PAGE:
This paper provides a methodological analysis of Libertarian Paternalism, as put forward in the book Nudge by Richard Thaler and Cass Sunstein (Yale University Press, 2008). Libertarian Paternalism aims to use the accumulated findings of behavioural economics in order to assist decision-makers to make better choices. The philosophical debate about this proposal has focused on normative issues with regards to this proposal. This paper analyses Libertarian Paternalism descriptively and points out four methodological conditions for successful Nudges. On that basis, a methodological critique of Libertarian Paternalism is mounted: the success conditions suggest that Nudges might be even harder to implement and to justify than commonly assumed in the philosophical debate.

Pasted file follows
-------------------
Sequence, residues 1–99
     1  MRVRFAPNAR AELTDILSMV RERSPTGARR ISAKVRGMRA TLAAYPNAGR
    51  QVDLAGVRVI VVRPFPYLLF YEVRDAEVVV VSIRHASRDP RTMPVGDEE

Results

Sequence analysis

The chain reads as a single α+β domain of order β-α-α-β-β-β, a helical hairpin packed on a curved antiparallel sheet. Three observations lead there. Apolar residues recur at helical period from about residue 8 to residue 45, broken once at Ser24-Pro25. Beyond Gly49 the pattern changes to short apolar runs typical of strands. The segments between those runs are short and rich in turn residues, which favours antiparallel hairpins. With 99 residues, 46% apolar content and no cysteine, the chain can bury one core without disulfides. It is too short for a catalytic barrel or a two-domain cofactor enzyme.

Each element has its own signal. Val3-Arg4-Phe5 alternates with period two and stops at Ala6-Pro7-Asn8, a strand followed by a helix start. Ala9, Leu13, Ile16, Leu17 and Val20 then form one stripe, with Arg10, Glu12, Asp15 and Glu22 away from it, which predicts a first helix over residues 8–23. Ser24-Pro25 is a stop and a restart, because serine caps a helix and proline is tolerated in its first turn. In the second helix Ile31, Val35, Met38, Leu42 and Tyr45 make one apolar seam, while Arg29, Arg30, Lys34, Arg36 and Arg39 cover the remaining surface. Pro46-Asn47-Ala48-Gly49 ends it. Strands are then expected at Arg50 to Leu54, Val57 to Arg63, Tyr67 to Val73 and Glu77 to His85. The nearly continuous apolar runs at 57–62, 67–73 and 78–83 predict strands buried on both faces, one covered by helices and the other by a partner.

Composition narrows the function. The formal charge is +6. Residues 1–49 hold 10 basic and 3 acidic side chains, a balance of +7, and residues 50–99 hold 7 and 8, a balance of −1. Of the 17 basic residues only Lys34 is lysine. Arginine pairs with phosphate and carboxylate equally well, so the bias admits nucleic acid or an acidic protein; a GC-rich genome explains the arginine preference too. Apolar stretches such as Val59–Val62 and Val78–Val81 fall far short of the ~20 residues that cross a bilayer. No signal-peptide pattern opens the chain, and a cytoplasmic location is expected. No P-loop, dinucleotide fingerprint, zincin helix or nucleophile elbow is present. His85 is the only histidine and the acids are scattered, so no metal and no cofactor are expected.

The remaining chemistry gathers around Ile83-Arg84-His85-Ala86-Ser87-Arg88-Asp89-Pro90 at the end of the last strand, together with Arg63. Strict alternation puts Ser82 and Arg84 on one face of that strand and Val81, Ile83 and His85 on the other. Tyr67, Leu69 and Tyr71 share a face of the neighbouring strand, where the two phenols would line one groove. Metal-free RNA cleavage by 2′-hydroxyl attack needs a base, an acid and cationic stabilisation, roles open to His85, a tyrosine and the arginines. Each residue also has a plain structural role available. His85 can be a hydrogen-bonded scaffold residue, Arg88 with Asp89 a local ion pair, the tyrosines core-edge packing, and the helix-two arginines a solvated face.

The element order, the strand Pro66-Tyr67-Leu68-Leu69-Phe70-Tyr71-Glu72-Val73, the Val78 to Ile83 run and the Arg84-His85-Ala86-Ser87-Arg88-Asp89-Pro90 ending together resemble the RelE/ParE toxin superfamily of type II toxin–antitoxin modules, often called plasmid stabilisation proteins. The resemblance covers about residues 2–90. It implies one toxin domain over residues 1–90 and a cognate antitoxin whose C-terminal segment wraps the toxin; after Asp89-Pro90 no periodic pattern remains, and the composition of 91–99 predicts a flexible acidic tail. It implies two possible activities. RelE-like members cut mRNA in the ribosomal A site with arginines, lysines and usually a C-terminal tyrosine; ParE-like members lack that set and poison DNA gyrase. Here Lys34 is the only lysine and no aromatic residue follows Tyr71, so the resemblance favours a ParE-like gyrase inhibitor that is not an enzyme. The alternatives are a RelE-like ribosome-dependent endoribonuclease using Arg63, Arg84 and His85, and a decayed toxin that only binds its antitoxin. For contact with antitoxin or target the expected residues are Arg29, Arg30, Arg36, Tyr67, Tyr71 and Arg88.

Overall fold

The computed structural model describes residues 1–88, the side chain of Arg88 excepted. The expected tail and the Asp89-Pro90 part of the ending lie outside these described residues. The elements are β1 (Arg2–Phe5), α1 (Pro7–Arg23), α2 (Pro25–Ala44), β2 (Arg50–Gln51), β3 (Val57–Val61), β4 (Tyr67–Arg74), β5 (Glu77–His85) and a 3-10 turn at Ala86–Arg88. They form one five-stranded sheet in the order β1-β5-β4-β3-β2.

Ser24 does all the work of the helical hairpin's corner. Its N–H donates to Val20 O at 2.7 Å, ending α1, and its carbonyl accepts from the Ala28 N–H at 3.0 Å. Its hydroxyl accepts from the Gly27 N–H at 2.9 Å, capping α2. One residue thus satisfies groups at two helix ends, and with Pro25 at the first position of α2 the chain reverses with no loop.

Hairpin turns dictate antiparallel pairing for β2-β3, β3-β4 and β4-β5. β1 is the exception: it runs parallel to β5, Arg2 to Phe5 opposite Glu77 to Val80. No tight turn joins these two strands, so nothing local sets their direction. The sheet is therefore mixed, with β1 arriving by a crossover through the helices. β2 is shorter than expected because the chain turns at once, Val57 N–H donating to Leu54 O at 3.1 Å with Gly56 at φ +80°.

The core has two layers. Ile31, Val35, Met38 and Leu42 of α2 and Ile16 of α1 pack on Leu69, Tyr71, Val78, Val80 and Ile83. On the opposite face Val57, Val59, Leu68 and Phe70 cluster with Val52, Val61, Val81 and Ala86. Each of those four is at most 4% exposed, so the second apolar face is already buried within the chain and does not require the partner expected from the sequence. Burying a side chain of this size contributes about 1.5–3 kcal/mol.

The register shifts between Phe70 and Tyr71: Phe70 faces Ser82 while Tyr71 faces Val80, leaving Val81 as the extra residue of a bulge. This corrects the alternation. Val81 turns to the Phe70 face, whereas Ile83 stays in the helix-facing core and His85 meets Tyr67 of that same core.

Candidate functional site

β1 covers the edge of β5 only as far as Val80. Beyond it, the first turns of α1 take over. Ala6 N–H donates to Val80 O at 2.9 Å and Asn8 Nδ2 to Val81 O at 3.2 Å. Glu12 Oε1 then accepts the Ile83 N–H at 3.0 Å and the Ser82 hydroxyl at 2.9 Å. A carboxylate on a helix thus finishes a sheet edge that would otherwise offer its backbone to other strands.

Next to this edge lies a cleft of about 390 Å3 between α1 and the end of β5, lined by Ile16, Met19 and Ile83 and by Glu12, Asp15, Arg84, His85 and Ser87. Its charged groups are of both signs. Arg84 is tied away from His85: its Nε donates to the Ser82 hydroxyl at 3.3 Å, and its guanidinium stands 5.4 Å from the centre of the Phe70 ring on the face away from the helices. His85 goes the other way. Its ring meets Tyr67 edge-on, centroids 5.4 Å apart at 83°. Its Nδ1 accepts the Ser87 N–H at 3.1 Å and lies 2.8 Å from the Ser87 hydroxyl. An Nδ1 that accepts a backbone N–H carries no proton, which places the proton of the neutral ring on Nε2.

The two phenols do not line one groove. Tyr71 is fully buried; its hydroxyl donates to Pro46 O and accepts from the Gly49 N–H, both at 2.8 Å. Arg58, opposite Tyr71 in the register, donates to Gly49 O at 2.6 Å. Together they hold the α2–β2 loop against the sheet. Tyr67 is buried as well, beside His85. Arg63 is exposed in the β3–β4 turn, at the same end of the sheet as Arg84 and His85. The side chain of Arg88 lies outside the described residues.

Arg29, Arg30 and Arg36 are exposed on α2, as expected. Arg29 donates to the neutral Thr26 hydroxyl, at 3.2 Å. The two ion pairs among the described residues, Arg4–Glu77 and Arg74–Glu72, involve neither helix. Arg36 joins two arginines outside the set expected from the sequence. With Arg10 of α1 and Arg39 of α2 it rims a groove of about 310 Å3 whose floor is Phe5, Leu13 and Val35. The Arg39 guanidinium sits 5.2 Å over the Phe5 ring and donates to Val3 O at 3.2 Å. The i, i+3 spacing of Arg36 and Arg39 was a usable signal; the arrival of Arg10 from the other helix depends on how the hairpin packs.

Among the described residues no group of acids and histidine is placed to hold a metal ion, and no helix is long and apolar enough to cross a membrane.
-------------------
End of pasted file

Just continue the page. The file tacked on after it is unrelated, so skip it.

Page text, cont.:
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One might argue that this can also be characterised as ApRq, yet since there might be greater resistance on part of the agent, this could also result in A?Rq. Hence it seems apt to characterise the Nudge position as one that is marked by conflict.
Indeed, there is a lot of debate about the adequacy of dual process frameworks (for an overview, see the outline of shortcomings in Sahlin et al. (2010:135ff.)).
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Many thanks to Luc Bovens, Foad Dizadji-Bahmani, Michiru Nagatsu, Alice Obrecht, Julian Reiss, Ingrid Robeyns, David Teira, and two anonymous reviewers of European Journal for Philosophy of Science for very helpful comments on previous versions of this article. I also thank audiences at the London School of Economics (LSE) and the Erasmus Institute for Philosophy and Economics (EIPE) at Erasmus University Rotterdam for their feedback.
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Heilmann, C. Success conditions for nudges: a methodological critique of libertarian paternalism. Euro Jnl Phil Sci 4, 75–94 (2014). https://doi.org/10.1007/s13194-013-0076-z
- Behavioural economics
- Libertarian paternalism
- Dual process